In the cross-examination of Radovan Karadzic’s defense witness, the prosecutor remarked that he was ‘an eyewitness to all the conspiracy theories about Srebrenica that were published in the press’. The witness confirmed it. He denied the allegations in a report which appears to show that the people working for Karadzic’s defense had presented him with prefabricated answers. The witness allegedly ‘spoke the answers into a Dictaphone’, in exchange for a new identity and his return to a ‘third country’ from which he had been deported in order to stand trial in Republika Srpska

Radovan Karadzic in the courtroomRadovan Karadzic in the courtroom

The examination-in- chief of Witness KW 012 resumed at Karadzic’s trial. The witness had introduced himself as a former BH Army soldier. He corroborated Radovan Karadzic’s defense case with stories that bordered on the impossible. His evidence began with a claim that in the first half of 1995 Muslim fighters shelled their fellow countrymen in Srebrenica in order to trigger a NATO intervention, on the orders of Alija Izetbegovic. The witness said that he personally saw a ‘wrapped up’ mortar on a BH Army position: a shell had been fired from that very mortar on the Srebrenica school yard, but this happened after he had left that position, so he heard only the sound of a mortar being fired.

Yesterday the witness tried to play down the number of victims after the fall of Srebrenica in July 1995, claiming that Muslims were killing each other, while others were killed as they fought the Serb army. Today, the witness corroborated another defense claim: he said he knew dozens of people who were on the Srebrenica missing persons list, but who were actually alive, either abroad or in the BH Federation. Their families are still receiving their pensions. ‘Give me 20 minutes and I’ll find them on Facebook and Skype, so we can talk to them, it is not a problem’, the witness said. He wanted to do the same thing when he met with the representatives of Karadzic’s defense. He wanted to take them to meet the ‘fake victims and have coffee with them’, but he was not allowed to cross from Republika Srpska into the Federation, the witness recounted.

In order to show how important he was, the witness said that in 1997 he met with Alija Izetbegovic and Effendi Mustafa Ceric. They gave the witness 50,000 German marks in exchange for his departure from BH. After that, the witness claimed, he was removed from all the lists of fighters in BH to cover up his involvement in the war.

Prosecutor Pack put it to the witness that the defense provided him with various forms of assistance in exchange for false testimony, in which he was to confirm Karadzic’s defense case. The prosecutor noted that the witness claimed he had personally seen every ‘conspiracy theory about Srebrenica that was published in the press’, for instance that the Muslims had been killing each other before and after the fall of the enclave and that there were ‘fake victims’ of genocide. After the witness confirmed it, the prosecutor explained how it had happened.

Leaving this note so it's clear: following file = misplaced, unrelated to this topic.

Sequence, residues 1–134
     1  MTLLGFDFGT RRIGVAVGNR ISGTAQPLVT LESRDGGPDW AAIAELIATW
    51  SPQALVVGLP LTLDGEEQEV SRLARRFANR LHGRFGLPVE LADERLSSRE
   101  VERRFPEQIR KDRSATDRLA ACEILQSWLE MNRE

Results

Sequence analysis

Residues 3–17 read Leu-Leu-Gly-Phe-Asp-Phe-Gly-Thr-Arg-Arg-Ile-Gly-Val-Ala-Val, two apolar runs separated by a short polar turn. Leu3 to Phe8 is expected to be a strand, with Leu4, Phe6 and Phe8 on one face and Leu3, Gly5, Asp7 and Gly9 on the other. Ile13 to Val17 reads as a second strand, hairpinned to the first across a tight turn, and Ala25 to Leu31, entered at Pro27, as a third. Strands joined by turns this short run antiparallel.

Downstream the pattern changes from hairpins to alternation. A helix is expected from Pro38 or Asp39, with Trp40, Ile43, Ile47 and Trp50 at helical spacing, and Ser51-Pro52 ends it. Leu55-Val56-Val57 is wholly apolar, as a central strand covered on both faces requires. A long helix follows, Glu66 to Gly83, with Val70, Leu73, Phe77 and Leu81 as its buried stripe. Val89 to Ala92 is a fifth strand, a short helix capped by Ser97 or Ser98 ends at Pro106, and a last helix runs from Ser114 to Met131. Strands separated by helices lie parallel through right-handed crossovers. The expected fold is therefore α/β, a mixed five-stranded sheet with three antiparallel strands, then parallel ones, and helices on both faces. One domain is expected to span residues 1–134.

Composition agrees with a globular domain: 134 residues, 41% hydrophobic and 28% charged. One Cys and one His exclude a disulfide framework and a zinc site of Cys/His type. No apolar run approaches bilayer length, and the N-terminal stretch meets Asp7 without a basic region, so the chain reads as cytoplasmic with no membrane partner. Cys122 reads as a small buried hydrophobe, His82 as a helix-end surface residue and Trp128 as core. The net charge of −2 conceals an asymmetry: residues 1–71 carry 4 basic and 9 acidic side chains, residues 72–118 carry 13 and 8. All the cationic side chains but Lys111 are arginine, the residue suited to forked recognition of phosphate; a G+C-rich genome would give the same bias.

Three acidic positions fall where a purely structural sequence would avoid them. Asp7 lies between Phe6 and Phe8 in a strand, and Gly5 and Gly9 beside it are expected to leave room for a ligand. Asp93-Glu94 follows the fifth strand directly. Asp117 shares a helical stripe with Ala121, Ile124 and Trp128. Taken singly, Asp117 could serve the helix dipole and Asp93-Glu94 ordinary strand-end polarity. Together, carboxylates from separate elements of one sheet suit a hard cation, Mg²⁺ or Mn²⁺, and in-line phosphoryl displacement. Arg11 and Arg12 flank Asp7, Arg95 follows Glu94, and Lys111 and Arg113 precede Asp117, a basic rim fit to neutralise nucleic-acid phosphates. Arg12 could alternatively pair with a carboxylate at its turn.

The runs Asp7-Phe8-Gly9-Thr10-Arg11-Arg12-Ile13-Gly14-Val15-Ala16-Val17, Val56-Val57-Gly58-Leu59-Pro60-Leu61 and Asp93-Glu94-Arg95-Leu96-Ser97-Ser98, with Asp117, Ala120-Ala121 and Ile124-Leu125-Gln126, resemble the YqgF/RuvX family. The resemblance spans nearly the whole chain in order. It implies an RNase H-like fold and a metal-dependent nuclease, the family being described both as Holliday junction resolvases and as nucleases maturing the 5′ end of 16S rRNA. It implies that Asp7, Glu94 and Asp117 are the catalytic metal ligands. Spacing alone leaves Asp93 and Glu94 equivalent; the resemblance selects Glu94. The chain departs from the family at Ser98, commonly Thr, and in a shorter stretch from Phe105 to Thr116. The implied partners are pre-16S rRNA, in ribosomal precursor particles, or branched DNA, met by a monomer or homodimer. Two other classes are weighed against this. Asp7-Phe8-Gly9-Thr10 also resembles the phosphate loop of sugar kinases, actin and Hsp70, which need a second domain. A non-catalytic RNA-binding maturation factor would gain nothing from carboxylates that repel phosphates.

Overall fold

An official memo of the State Investigation and Protection Agency (SIPA) of 16 March 2011 stated that after the witness was released from the prison in Foca, Karadzic’s defense counsel Goran Petronijevic contacted him and asked him to testify as a defense witness. The witness had been in prison for a war crime. Petronijevic was waiting for the witness to emerge from the prison building and took him to Bijeljina. The witness was interviewed in an apartment, and the interview was recorded on a Dictaphone. The witness was purportedly asked questions and was given a paper with the answers he was supposed to read out. He was promised that he would be ‘protected from the revenge of Bosniaks’, given a new identity and transferred to Serbia first and then to a ‘third country’. The answers he was told to read contained the claims identical to Karadzic’s conspiracy theories about Srebrenica, the SIPA memo concluded.

The witness denied the allegations of the Bosnian intelligence agency, and claimed that his defense counsel Damir Alagic had set him up. While he was still in the Foca prison, the SIPA agents threatened him, the witness said. To show what kind of person the witness really was, the prosecutor read out a psychiatric report prepared for the Republika Srpska court that sentenced him to five years in prison. According to the report, the witness was ‘emotionally immature, neurotic, without integrity, with limited intellectual abilities, physiologically blunted’. The rules of medical ethics didn’t prevent Dr Karadzic from questioning the witness, in total disregard of his diagnosis. At times, the questioning was hard to watch, bordering on inhumane. In the re-examination Dr Karadzic contested the report drafted by his three colleagues from Republika Srpska. The witness was not given an IQ test and it was impossible to make any conclusions about his intelligence, or lack thereof, Karadzic stressed.

It is interesting to note that during his evidence the witness didn’t want to say who had killed his son and his mother in front of the family house on the day when he and his father were arrested in May 1992. The witness did identify the Serb soldier in his previous statement to the SIPA. Now he said he didn’t want to repeat the name because he has ‘forgiven’ the killer.

As the hearing drew to a close, Vladimir Matovic began his evidence in Karadzic’s defense. Marovic is a journalist who used to write for the Borba. He also served as home affairs adviser for Dobrica Cosic, while Cosic was the president of the FRY.